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President Obama’s Health Care Address to Congress

As the camera scanned the attendants all I could think about as they schmoozed and shook hands and all pretended to be the best of friends, was that the majority of these people have nothing of my interests in their hearts. Some genuinely wish to do good and their service to this country is all too often overshadowed by the grime and grit of politics. But these representatives wake up every day and see none of the realities of normal life in their own. Many of these people have good intentions—as they know them to be good—but in fact do the whole of the country a great disservice. And they’re all just having the best time together!

All our representatives at the event have already made up their mind. They know where their party stands, or in the case of the Democrats where their splinter cells carefully positions themselves. What the president has to say will not be considered fairly. It doesn’t matter how true and stark the truth; ears and minds have already been sealed up with fine expensive wax. Even when issues of honest importance rise to become the centerpiece of the nation’s attention nothing truly good will ever come to pass from such speeches. No matter how eloquent.

He is not the first president to take up this cause, but he is determined to be the last. Invoking Roosevelt, Obama started out laying a history of health care “reform” through the generations on the table. It was a good strategy to detail the non-existent progress of health care from the dawn of the industrial age to today. Giving color to the plight of the tens of millions of uninsured Americans, he remarked how we are the only major country in the world that lets this go on without even an afterthought. He mapped out how our current insurance system costs so much it actually cripples every other segment of the economy. It’s true, if you get people to think of cost you have their attention. He flatly laid out how or current system is hurting everyone. Vocalizing the deficiencies of our current system and how it already does the wretched things Town Hallers fear was probably his one last attempt at appealing to reason; that some reform, any reform has to happen.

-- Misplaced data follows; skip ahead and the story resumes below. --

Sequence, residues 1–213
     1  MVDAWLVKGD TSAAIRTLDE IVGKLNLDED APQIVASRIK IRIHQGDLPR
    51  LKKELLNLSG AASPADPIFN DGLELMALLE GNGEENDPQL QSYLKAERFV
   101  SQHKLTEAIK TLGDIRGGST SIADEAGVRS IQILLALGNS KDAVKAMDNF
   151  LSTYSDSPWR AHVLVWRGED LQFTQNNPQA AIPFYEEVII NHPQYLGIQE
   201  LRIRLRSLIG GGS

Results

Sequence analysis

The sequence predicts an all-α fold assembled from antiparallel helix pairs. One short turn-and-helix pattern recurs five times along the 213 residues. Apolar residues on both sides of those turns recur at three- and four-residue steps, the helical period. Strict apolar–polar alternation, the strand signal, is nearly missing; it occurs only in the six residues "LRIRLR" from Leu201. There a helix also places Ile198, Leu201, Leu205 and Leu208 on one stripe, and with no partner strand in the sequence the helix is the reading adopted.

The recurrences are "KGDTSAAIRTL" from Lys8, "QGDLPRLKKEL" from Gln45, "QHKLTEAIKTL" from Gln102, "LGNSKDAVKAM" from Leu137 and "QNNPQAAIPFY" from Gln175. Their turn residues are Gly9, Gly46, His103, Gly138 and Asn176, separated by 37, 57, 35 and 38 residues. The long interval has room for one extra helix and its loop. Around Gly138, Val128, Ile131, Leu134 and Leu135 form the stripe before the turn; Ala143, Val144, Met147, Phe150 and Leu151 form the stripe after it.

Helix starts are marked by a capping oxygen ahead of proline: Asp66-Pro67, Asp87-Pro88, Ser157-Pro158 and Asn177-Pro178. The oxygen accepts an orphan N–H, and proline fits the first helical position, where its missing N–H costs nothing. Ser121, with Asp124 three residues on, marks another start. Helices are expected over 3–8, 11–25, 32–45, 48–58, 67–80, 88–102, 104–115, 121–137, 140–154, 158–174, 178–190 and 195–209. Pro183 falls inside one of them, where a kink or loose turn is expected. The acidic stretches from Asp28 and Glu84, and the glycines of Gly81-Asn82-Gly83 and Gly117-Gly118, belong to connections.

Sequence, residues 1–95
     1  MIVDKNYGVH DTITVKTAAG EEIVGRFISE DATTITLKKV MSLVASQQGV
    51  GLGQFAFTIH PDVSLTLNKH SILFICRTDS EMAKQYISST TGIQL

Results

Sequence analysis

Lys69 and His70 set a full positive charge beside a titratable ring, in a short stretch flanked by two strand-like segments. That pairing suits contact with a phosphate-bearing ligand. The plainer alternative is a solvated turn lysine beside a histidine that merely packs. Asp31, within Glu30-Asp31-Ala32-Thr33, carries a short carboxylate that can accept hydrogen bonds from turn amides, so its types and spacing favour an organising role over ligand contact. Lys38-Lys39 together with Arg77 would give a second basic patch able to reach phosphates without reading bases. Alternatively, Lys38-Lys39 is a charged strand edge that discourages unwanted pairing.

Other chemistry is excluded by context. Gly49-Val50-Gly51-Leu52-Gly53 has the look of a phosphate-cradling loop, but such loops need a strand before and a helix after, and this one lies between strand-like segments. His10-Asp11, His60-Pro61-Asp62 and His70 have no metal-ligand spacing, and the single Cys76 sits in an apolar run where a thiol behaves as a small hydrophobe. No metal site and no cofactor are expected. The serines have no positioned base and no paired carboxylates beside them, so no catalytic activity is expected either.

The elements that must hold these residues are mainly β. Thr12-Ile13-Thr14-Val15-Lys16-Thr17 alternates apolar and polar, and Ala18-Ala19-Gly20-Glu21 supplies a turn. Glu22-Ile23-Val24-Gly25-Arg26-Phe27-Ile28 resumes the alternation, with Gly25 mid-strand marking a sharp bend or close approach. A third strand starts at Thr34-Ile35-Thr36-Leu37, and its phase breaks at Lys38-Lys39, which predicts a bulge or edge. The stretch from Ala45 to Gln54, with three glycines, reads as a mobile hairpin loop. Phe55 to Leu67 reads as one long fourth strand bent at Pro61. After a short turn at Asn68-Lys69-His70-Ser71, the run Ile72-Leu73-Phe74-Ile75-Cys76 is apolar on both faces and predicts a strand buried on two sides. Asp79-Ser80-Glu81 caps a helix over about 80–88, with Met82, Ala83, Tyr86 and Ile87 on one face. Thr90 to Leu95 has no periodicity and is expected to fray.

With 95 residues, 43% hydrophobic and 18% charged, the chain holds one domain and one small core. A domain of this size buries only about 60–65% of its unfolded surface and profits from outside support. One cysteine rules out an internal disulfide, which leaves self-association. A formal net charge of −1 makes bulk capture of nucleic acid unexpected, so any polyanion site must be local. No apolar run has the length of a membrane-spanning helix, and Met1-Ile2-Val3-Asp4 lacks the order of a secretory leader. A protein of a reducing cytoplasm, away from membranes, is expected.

He tried very early on to make it seem as though both sides are trying to solve the same problem from different viewpoints. Whether or not that is true, it made for good rhetoric. Promising us that support is actually coming from all sides and all interests probably isn’t as true as he made it sound, but even if it were the more likely reform is to come, in any form, the greater the likelihood of soft underbellies threatening progress out of fear for sharp, pointy retribution. His roaring call for bipartisanship was vintage Obama, but while the work being done may in fact be coming from many contributors, votes still come down to red versus blue.

Stating the basics of the plan was necessary. He had to get down to the definitions and specifics because there is so much misinformation about the fundamentals of the topic that no conversation can even begin. Enlightening people of the major reforms being proposed other than the public option—which is the only thing anyone talks about—was a good idea. For example, the changes that would ensure existing coverage get better; no dropped coverage, no being run around and out of town by bureaucrats. Clarifying that this plan is not a “take over” of the current system was critical. Making it clear that all the public option does is make it so that those who cannot get insurance through their employers, or lack there of, have a safety net waiting for them. Unless you’ve had no income for an extended period of time you do not know what it is like to worry yourself sick over getting sick. He made the public option out to be what it is, a wider safety net than currently exists.